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Dart flights – 101

There are literally hundreds of variations of flights you can use at the tail-end of your dart setup, “hundreds” when you take into consideration the shape, thickness, material and of course, style. So why? What should I use? What’s the difference and how will it affect my darts to help me produce a more consistent throw?

In this, we’ll explain what the different shapes mean, how they affect the dart and what perhaps would be best suited to your throw.


Although I could guess over 30 different shapes of flights available on the marketplace today, including novelty shapes, there are four main shapes of flights that these are all derived from. There’s Standard, Kite, Pear and Slim. The job of the flight (along with the stem length) is to affect the speed of the dart to the board and thus the landing of the dart into the dartboard. Each of the four main shapes have a slightly different surface area from Standard (largest) down to Slim (smallest, with Kite and Pear shaped in between). For the technical out there, a Standard set of flights has the flight surface area approximately 25% bigger than a Slim flight (depending on manufacturer), so there’s not a huge difference, but enough to affect the dart’s flight time and trajectory to the dartboard.

A setup with Slim flights will travel to the board quicker than the same setup with Standard flights as it effectively has less drag in the air given its smaller surface area. Given this, the Slim setup will have the dart land into the board slightly more level to the floor and the Standard flight setup will sit up more as it travels slightly slower to the board. The travel time is not really noticeable at all to the human eye and this is also based on a consistent throw. An example of a smaller flight area would be the 16 times World Champion, Phil “the Power” Taylor who typically uses the Vapour or Vapour S dart flight (a variation of the Kite and Pear shape together). This flight has a very small flight surface area, that’s why his darts land in the dartboard with the points higher than the flights, hence he reverse stacks his darts into the dartboard.


Dart flights come in a variety of thickness and are measured in microns (one millionth of a metre). Flights can be purchased between 50 microns right up to a thickness of 200 microns with the standard around the 100 micron mark. Believe it or not, the thickness of the flight will actually affect the landing of the dart into the dartboard too just like the shape, but not nearly as much.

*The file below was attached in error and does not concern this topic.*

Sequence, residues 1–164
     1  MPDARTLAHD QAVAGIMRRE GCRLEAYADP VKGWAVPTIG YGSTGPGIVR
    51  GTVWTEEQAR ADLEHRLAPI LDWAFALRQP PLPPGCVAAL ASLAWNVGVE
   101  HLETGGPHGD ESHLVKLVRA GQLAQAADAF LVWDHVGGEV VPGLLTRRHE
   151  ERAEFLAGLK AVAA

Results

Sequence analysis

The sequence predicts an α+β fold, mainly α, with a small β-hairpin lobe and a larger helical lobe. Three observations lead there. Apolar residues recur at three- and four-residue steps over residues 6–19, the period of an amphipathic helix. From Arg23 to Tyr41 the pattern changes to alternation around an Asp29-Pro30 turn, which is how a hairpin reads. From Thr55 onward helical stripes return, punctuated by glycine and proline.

The main reason to buy a decent thickness of around say 100 microns, is its durability. A 50 or 75 micron flight might be cheaper, but it won’t last too long, especially if you are grouping your darts well and are at an intermediate level or higher. For the majority, 100 micron flights will do.


Dart flights are made from different types of materials. These can range from hard or soft plastic polymers, nylon or made from a hard foil. Again, like thickness, the material used to make the dart flight affects more its durability and how long the flights will last, rather than the darts trajectory or landing into the dartboard. Typically, flights made from foil are novelty types that will not last too long or are best suited for the home darter for use in the garage or on the practise board.


Whilst we have talked about the basics of foldable dart flights here, there is also a multitude of molded dart flight styles on the market today. These styles remain a personal preference with the shape and thickness of the flight the main contributing factors to how your dart will land into the dartboard. The reasons for preferring molded flights is its rigidity of the flight as molded flights typically ensure that your flight remains in a constant shape, do not bend or split like foldable flights will eventually end up. The other preference for molded flights is they are manufactured to ensure the flight stays on the stem, or in many cases is actually part of the stem as an all-in-one system. Again, its personal preference here with the flight shape key to the darts performance into the board.

So what flights should you use for your set-up?

Once you have a set of darts you like the feel of, the correct weight barrels for how hard you throw and the length of stem preferred. Use a standard set of flights, throw to the dartboard quite a few times to see how your darts land into the board. If they stand up too much, try using a pear or even slim set of flights to even out the landing of your dart. Remember there are many variety of dart flights available on the market today and for the cost of a couple of dollar’s, testing a variety of them at home may well be the difference of a win at the oche at your next competitive game!

Bullseye Darts has over 6,000 flights in stock at any one time so there’s plenty to choose from.

Straight Arrows everyone.

Paul Webber

Owner – Bullseye Darts


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